It got me wondering – do we live our lives out of abundance? Or do we live our lives out of a scarcity mentality? Do we trust the ‘enoughness of life? Or do we let fear lead us to hoard, to control, to worry that I won’t get my fair share? If you get more, does that mean I get less? If you win, does that mean I lose? And, is it easy to trust abundance when life is good? What about when life is challenging? What about when we are brought to the very edge? What then? Is abundance possible?

I’m an only child – let’s just say, sharing can be challenging for me. I actually act more like a child in a family of ten, worried when food to be shared is placed on the table that I won’t get my fair share. I’ve never gone hungry – this is not a fear based on any actual reality.

And, moreover, is it easy to talk of things such as abundance when we feel that all is going in our favor? Can we find abundance, a mentality of enough, of trust, even in the midst of the challenging times in life?

Linda & Jerry BonannoLinda and Jerry Bonanno bid us all a fond farewell with a beautiful Apache Prayer as they prepare to move from Baja, closer to family in Florida.

“May the sun bring you new energy every day.
May the moon softly restore you by night.
May the rain wash away your worries.
May the breeze blow new strength into your being.
May you walk gently through the world and know its beauty all the days of your life.”

We will miss them and wish them the same!

Thank you to Jim Hawkins for a great topic and as always to David Gee for his generous hospitality.  Thank you everyone for another provocative, entertaining & inspiring Not Church!

September 14, 2014

Strawberries Ripening © Erin Dunigan

Strawberries Ripening © Erin Dunigan

For most of human history, it’s as if we have had long spring-times and only the briefest of summers, a lot of time to put down roots and sprout but almost none to mature. But now, around the world and especially in the developed countries, more people are living longer, healthier lives than ever before. Our normal life span, which stayed at an almost steady twenty years for most of human history , has leapt in an evolutionary eyeblink to seventy-eightyears in the West. Why is this so important? Think about how helpless we are as infants and children compared to other species. It takes us so long to be able to live without our parents’ support, so very long to develop our intelligence and adaptability and skills, to grow in our capacity for compassion and wisdom, good judgment, and discernment. To put it bluntly, it takes all of us a frightfully long time to grow up and many of us never do.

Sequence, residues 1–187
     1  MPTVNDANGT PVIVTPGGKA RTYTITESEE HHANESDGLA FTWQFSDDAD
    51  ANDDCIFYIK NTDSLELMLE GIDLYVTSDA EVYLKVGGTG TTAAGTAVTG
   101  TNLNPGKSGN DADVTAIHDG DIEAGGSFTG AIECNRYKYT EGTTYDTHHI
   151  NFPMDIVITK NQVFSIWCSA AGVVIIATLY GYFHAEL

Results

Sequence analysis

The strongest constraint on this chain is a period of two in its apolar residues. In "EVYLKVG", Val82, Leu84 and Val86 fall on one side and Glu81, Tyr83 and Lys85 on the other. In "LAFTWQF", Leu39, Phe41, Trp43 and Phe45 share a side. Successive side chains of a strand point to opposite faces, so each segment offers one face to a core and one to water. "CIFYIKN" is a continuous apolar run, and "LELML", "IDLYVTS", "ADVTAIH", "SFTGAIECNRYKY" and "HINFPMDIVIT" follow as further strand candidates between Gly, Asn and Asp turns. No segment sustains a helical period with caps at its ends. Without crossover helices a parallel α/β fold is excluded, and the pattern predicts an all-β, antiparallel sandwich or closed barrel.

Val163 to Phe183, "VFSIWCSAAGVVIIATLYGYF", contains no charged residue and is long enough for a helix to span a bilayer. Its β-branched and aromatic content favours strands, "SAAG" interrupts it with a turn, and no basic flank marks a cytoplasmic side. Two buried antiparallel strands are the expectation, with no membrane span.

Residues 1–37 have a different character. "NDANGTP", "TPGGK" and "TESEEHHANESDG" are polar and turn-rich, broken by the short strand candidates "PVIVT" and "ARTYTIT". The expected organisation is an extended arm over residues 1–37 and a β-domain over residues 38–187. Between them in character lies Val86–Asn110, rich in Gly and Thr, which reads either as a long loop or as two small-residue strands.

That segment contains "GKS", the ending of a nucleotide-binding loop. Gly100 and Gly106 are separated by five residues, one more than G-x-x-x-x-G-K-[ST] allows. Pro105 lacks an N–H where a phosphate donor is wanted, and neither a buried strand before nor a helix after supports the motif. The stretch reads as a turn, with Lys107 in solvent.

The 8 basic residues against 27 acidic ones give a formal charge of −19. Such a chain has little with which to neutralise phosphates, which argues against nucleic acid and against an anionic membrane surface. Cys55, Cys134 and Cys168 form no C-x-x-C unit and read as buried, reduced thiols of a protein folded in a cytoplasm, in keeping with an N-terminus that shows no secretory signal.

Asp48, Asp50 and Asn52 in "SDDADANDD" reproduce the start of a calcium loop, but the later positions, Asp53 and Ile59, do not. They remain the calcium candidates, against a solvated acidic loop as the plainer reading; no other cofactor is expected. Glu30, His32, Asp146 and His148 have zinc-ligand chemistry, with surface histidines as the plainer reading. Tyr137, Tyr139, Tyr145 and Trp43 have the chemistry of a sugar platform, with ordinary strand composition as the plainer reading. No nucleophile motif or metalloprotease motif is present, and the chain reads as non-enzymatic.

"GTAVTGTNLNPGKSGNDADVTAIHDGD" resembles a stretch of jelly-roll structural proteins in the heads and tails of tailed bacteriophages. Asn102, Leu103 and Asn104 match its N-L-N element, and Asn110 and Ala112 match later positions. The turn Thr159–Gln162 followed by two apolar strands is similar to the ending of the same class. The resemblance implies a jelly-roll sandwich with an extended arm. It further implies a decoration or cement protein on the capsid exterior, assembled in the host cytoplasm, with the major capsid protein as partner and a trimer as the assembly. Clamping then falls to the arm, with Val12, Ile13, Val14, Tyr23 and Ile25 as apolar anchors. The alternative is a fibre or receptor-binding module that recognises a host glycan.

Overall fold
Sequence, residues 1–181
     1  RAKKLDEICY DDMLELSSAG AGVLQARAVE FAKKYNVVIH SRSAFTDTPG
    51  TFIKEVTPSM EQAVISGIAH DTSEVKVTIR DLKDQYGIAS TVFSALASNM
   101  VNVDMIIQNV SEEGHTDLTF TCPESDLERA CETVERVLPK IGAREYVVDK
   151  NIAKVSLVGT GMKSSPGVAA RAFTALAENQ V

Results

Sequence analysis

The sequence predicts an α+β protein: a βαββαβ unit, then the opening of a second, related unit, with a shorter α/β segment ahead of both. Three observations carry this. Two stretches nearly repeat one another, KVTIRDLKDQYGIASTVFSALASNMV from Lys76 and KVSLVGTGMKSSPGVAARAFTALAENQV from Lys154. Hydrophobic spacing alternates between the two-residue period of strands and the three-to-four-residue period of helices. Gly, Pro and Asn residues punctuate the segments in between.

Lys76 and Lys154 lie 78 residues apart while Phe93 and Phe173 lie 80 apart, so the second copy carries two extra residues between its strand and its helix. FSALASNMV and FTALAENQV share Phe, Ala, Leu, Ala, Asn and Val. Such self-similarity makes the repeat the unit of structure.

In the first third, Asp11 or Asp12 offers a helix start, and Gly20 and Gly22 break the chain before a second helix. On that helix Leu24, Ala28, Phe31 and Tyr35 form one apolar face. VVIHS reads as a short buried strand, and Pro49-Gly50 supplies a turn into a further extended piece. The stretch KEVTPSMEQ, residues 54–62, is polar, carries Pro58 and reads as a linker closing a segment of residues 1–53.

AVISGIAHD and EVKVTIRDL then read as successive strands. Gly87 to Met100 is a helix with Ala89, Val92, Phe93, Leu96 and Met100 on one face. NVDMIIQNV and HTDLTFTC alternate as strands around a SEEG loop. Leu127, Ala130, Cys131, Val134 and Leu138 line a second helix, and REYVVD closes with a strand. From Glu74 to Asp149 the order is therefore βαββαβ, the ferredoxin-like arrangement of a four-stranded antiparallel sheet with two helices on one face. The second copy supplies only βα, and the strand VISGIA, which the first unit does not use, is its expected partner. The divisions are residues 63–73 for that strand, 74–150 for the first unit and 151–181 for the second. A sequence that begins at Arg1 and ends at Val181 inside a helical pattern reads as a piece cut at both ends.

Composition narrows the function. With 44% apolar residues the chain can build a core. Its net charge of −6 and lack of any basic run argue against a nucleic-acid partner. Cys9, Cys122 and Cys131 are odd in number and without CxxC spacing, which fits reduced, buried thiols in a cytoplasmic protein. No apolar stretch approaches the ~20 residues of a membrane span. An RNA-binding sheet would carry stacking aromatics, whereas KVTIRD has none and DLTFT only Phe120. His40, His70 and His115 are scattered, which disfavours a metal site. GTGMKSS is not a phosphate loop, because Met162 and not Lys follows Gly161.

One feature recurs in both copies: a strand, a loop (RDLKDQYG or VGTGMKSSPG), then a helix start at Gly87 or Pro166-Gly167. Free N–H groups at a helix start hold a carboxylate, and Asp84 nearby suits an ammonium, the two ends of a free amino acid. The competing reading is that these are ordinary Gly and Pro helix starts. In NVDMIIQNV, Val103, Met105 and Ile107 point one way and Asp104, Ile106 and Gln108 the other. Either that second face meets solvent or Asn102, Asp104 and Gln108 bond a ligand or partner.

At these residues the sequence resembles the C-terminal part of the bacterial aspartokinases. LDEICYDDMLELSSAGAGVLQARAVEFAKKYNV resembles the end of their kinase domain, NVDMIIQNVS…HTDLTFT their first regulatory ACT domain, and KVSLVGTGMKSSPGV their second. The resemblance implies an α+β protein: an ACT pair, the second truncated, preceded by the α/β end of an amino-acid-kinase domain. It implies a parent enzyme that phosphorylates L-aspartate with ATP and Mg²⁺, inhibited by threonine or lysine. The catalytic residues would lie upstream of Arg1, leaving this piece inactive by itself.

The sudden spurt in longevity over the last fifty years has changed the landscape for growing old. Doesn’t that make you wonder what these years are for? That’s precisely what I’ve been wondering for the past twenty years: How do I make the time ahead count? How can my generation and the ones coming after us not just fritter our later years away, not doze through our aging?  – Sherry Ruth Anderson, “Ripening Time.”

The question I bring before us this morning is a simple one – as we journey through the chronology of our lives, are we ripening, or are we merely rotting? The rotting, of course, is inevitable – the ripening is not.

The next question is, what will we do about it?

What does ripening look like? How does it happen?